Translating Social Issues through Music
By NAfME Member Raymond Reimer Uy Jr.
Hanover Township Public Schools
“What is the story about our world that we are sharing with children?”
In a conversation with Lin Manuel Miranda for Hamilton’s America, President Barack Obama said, “The only way anything gets done is if people recognize the truth of the person across the table” (PBS, 2016). Although they were discussing political decisions in Washington, D.C., this statement has implications for the music classroom, as well. An awareness and understanding of the diverse truths that exist among music students may foster a greater collaborative spirit. Moreover, teachers have an opportunity to use music to help students better understand cultural and social diversity writ large.
Diversity of Truths
What is the story about our world that we are sharing with children? Although history is often delineated as events and dates along a two-dimensional timeline, the whole story includes divergences of historical perspectives seldom examined. Winston Churchill was among those who said, “History is written by the victors.” Too often, the voices of the disenfranchised go unheard.
Fortunately, music provides an accessible opportunity for audiences to hear those perspectives. Furthermore, the aesthetic qualities of artistic expressions can help us more easily perceive experiences other than our own (Dewey, 1934; Marcuse, 1977). Greene (1995) used the term “openings” to describe opportunities in which the arts can help audiences transform and understand others. Contemporary music, therefore, not only expresses and represents particular truths, but also becomes a voice that translates current social issues to those who may never have felt marginalized. Through music, they may come to better understand important social issues, such as those pertaining to gender and race.
Music as Artifact
Before the advent of the audio recording, oral/aural musical traditions were commonly used to preserve cultures and stories. With advancements in technology, however, musicians now express and preserve their stories on their personal computers, and easily disseminate them via social media.
Among the richest social and historical artifacts over the past few decades is hip hop music. In the aforementioned documentary, Nas, a rap artist, told Miranda that he wanted to “represent from my neighborhood, to tell their story, to be their voice, in a way that nobody has done it . . . tell the real story,” and adds, “no one can tell you you’re wrong, because it’s your truth.” Music, therefore, helps to fill lacunae in the story.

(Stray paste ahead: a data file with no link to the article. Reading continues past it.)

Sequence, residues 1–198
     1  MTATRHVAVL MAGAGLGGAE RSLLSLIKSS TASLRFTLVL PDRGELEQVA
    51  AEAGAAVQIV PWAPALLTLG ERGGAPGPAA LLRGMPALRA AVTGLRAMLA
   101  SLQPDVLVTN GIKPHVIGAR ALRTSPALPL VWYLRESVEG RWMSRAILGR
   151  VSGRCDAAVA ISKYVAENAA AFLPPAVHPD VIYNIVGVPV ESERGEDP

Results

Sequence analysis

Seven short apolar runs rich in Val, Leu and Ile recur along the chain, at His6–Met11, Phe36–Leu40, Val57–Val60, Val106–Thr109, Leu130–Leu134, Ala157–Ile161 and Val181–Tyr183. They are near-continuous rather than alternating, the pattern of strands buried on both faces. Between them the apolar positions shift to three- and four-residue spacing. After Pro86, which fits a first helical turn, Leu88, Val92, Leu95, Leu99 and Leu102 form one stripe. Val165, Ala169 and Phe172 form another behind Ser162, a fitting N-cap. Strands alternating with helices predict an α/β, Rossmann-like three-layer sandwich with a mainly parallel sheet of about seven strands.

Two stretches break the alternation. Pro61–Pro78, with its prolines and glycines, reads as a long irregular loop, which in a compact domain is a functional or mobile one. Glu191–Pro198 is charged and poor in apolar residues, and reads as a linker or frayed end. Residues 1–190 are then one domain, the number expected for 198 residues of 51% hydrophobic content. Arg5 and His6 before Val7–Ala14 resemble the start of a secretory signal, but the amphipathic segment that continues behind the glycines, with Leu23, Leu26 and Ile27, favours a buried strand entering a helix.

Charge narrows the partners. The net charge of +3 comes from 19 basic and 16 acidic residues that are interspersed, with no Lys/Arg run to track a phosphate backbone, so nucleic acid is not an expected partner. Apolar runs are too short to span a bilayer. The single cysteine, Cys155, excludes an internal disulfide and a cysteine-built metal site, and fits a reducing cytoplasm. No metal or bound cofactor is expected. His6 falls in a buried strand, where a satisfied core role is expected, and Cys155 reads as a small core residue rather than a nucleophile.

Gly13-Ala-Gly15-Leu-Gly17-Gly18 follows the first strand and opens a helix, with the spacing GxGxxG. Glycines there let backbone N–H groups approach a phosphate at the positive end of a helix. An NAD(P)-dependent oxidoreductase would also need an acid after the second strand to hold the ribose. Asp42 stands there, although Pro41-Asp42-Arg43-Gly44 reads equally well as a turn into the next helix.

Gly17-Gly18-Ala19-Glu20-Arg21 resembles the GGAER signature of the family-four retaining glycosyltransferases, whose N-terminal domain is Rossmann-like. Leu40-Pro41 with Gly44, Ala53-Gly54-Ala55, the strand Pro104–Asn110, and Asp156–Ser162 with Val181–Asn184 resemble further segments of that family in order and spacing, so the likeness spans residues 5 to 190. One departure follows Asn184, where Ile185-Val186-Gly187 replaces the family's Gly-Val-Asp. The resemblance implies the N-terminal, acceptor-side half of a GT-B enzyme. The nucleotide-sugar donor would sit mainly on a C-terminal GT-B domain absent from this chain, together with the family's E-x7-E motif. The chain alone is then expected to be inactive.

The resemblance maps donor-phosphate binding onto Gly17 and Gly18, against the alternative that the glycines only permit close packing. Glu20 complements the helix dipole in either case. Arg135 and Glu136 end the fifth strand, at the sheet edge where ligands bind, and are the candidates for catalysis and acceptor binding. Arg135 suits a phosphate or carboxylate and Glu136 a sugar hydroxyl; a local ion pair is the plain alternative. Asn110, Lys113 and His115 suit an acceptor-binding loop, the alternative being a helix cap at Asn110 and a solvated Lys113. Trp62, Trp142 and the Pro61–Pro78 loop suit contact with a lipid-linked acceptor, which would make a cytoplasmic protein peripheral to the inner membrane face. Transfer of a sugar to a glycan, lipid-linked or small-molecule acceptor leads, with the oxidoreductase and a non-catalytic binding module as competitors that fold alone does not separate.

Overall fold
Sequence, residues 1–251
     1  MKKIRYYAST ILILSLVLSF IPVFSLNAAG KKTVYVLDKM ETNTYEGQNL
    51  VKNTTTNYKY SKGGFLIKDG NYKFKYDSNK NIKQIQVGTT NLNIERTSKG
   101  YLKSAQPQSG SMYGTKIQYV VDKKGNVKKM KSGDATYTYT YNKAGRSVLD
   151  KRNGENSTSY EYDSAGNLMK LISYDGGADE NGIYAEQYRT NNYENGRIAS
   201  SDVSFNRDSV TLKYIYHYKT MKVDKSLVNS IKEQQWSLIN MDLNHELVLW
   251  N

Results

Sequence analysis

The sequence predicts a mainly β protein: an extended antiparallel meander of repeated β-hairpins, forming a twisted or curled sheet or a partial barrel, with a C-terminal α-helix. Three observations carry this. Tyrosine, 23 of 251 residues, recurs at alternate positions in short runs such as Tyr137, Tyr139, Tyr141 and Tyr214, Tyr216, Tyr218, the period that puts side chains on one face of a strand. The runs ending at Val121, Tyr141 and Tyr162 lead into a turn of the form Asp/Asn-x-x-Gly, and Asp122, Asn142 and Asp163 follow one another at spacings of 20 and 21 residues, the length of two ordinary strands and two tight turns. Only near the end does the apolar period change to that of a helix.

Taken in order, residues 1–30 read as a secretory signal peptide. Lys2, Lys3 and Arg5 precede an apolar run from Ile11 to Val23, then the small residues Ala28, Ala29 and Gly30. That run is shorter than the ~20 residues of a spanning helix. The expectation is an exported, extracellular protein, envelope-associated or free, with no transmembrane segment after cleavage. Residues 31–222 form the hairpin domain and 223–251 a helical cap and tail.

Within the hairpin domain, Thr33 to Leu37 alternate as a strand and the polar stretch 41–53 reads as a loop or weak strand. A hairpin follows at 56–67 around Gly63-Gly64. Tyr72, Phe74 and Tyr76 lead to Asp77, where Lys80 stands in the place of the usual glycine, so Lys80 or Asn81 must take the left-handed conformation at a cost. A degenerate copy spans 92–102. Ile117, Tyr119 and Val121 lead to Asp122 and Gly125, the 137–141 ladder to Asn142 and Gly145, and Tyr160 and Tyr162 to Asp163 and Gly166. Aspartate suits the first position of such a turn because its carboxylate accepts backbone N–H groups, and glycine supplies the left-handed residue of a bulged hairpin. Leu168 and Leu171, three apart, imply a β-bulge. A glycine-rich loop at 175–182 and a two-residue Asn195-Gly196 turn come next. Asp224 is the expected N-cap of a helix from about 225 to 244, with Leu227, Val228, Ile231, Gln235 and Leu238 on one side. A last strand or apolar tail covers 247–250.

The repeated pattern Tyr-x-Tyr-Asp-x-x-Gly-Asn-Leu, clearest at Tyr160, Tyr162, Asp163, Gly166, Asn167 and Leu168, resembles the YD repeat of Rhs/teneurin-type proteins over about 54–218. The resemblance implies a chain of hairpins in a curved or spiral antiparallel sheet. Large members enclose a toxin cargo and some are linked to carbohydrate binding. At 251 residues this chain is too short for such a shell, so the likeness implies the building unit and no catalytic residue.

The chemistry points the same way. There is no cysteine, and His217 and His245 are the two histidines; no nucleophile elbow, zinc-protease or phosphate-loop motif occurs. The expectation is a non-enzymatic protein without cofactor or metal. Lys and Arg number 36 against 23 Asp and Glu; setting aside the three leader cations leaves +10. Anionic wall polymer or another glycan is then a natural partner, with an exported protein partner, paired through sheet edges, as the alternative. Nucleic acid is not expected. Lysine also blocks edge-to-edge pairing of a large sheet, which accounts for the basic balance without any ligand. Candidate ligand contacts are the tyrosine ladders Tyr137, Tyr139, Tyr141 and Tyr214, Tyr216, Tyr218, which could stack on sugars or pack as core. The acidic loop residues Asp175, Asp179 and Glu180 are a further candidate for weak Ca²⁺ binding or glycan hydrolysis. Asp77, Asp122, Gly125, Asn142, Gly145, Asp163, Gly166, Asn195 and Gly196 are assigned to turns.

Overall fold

The selection of contemporary music in the classroom, however, requires judgment and educational expertise. Teachers must research music that is not only school-appropriate, but also socially relevant. To avoid imparting disingenuous and historically irrelevant messages, the educator must evaluate and interpret what social lessons are being communicated by the music—both manifest and latent, positive and negative. In addition, the teacher must be cognizant of varying interpretations, and be prepared to discuss them tactfully (i.e., the contrasting perspectives of feminist scholars, hooks and Mock, on Beyoncé’s Lemonade). Music educators must also analyze how clearly these messages fit into the larger musical objective.
“Music educators can teach, inspire, and lead their students toward the vision of greater equity, diversity, and inclusion.”
Nevertheless, the benefits of a music education in which students will emerge more tolerant and understanding of differences far outweigh the cost of time and effort. With this purpose in mind, music educators can teach, inspire, and lead their students toward the vision of greater equity, diversity, and inclusion.
hooks, b. (2016). “Moving beyond pain.”
Dewey, J. (1934). Art as Experience. New York, NY: Capricorn Books.
Gibson, C. (2016). “Beyoncé and ‘Lemonade’ Are Giving These Feminist Scholars So Much to Debate,” Washington Post.
Greene, M. (1995). Releasing the Imagination: Essays on Education, the Arts, and Social Change. San Francisco, CA: Jossey-Bass.
Marcuse, H. (1977). The Aesthetic Dimension: Toward a Critique of Marxist Aesthetics. Boston, MA: Beacon Press.
Mock, J. (2016). ‘Lemonade’ is Beyoncé’s testimony of being black, beautiful & burdened.
PBS (Producer). (2016). Hamilton’s America. [Television broadcast]. Arlington, VA: Public Broadcasting Service.
About the author:
Dr. Raymond Uy was a GRAMMY Music Educator AwardTM quarterfinalist and a Hanover District Teacher of the Year. He has also been included in Who’s Who Among America’s Teachers for his work over the years as a public school music teacher and adjunct college instructor. He holds a Doctor of Musical Arts Degree from Boston University, a Master of Music degree from the Eastman School of Music, and a Bachelor of Music degree from Westminster Choir College. His publications include Heterophonic Vocal Music Training in the International Choral Bulletin, and Equity and Diversity in Music Education: Toward a Critical Trait Theory in TEMPO magazine.
An international vocalist, Uy has performed tenor roles with the New York Lyric Opera, Garden State Opera, Delaware Valley Opera, and the Lyric Opera of Los Angeles. Among his favorite places to perform as a soloist are Carnegie Hall, Lincoln Center, Symphony Space on Broadway/95th, and across Europe. Under his direction, Uy’s choirs have also performed in notable venues, such as Madison Square Garden and Radio City Music Hall.
He can be reached at email@example.com.
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